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Interest rate pressure on Sri Lankan corporates – Fitch
Rising domestic interest rates are expected to hurt Sri Lankan corporates over the next 12 months, according to Fitch Ratings.
Corporates’ borrowing costs have increased more than 200 bp in the 12 months to March 2017 as the Central Bank has increased policy rates by 125 bp and the statutory reserve ratio by 150 bp in an attempt to reign in aggressive credit growth, Fitch said in a media release on Tuesday.
Fitch said it doesn’t expect the pressure on interest rates to ease in the near term owing to rising inflationary pressures and weak external finances.
Annual inflation as measured by the Colombo consumer price index rose to 8.4 per cent in April 2017 from 4.3 per cent a year ago.
Corporates with high short-term working capital requirements such as retail and manufacturing companies are hurt the most by the recent rate increases.
“In Fitch’s view, the two large consumer-durable retailers, Singer Sri Lanka and Abans are the most affected of the entities we rate as most of their borrowings consist of short-term working capital financing and will have to be rolled over at higher rates. Furthermore, both companies realise 30 -40 per cent of their sales through hire-purchase schemes which can meaningfully weaken with rising interest rates and slow EBITDA growth. Fitch believes Singer has more headroom in its current rating to withstand these challenges compared with Abans,” the agency said.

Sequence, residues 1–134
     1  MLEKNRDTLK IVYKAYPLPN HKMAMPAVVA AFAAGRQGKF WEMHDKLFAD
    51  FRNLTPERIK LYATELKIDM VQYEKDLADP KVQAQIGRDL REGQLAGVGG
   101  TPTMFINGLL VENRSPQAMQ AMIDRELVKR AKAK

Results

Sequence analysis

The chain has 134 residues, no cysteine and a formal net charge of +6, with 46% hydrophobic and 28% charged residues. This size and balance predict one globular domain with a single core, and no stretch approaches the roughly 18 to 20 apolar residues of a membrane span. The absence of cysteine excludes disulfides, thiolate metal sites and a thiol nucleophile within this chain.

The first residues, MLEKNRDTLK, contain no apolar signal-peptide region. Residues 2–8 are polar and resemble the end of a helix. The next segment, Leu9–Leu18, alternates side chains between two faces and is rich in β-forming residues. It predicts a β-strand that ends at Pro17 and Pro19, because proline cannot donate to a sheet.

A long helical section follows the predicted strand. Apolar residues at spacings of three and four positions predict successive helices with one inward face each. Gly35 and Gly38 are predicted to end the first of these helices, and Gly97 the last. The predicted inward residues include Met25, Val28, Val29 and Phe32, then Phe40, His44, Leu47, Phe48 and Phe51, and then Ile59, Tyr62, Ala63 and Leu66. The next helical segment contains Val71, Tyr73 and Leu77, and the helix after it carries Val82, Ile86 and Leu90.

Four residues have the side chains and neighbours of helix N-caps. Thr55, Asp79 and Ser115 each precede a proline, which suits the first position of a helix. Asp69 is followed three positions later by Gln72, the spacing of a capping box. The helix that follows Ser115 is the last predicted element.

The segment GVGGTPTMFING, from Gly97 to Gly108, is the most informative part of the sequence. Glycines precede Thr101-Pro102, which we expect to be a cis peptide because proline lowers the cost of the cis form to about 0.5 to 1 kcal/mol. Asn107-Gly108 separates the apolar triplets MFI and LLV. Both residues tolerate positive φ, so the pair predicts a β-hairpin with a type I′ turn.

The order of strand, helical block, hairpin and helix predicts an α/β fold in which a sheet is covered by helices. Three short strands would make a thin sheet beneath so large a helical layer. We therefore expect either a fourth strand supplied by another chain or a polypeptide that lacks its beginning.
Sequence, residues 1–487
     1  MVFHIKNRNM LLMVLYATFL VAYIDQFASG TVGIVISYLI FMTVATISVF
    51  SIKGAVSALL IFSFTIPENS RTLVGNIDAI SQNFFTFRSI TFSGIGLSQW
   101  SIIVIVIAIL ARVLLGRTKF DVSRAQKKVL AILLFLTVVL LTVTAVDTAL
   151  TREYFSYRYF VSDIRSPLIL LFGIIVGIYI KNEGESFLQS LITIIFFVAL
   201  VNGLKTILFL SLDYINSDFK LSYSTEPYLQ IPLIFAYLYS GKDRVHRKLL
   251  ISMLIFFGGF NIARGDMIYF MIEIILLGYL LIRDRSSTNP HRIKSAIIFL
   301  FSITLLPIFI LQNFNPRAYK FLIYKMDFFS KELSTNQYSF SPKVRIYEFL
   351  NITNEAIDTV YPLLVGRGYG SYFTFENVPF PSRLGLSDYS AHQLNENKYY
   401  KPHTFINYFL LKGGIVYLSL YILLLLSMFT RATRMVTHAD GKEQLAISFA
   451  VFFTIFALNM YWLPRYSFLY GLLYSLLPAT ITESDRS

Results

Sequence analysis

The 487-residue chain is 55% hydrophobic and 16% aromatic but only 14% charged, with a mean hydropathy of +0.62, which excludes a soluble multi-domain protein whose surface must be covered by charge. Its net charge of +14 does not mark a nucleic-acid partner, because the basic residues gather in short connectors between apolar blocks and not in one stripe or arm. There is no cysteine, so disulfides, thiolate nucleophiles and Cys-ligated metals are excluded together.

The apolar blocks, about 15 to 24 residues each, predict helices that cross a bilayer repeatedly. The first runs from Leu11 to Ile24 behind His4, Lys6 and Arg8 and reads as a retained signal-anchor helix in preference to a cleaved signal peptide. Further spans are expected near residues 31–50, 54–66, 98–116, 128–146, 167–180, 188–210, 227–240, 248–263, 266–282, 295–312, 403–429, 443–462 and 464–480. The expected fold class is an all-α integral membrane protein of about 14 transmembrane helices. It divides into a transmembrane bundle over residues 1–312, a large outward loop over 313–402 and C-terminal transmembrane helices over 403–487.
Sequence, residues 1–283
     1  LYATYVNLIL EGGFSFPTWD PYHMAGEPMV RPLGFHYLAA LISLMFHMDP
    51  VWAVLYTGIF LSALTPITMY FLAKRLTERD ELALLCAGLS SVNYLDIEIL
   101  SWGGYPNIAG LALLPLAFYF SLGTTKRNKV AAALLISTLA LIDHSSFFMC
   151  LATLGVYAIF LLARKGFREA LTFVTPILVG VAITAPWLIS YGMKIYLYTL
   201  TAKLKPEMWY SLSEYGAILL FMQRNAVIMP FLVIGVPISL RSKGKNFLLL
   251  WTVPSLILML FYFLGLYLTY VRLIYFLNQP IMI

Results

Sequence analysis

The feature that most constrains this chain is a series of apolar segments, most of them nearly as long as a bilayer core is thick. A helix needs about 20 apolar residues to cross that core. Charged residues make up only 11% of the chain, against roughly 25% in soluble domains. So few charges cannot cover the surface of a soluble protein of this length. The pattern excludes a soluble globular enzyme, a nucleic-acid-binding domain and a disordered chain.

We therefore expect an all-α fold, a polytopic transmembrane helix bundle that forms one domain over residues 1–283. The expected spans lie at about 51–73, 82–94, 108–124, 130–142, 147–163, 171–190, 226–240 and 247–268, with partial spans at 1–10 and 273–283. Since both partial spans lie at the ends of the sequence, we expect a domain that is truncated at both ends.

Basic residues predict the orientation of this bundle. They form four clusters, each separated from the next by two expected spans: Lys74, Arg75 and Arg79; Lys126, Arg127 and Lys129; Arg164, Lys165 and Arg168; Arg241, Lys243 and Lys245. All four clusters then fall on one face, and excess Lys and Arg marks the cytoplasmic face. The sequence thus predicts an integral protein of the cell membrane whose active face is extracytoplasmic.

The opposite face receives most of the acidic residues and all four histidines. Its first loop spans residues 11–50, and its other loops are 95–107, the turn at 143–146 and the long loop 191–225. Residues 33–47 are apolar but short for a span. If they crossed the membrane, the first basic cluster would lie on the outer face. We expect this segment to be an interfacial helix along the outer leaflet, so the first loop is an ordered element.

Kotagala Plantations PLC may also face further liquidity pressure on account of higher interest payments. Fitch believes Hemas Holdings and Sunshine Holdings to be the least affected due to their low refinancing requirements during the next 12 months, the release said.
“We have assumed that 100 per cent of corporates’ short-term debt and 40 per cent of long-term debt will be re-priced at higher rates immediately. Most of the long-term debt stems from banks and around half of such debt are at a variable interest rate. As of end-March 2017, almost 50 per cent of the outstanding borrowings of Fitch-rated corporates consisted of short-term borrowings primarily funding working capital, exposing the companies to modest interest-rate risk at the point of refinancing. Only 12 per cent of the outstanding borrowings of Fitch-rated corporates consisted of debenture financing, which is predominantly on fixed rates,” Fitch said.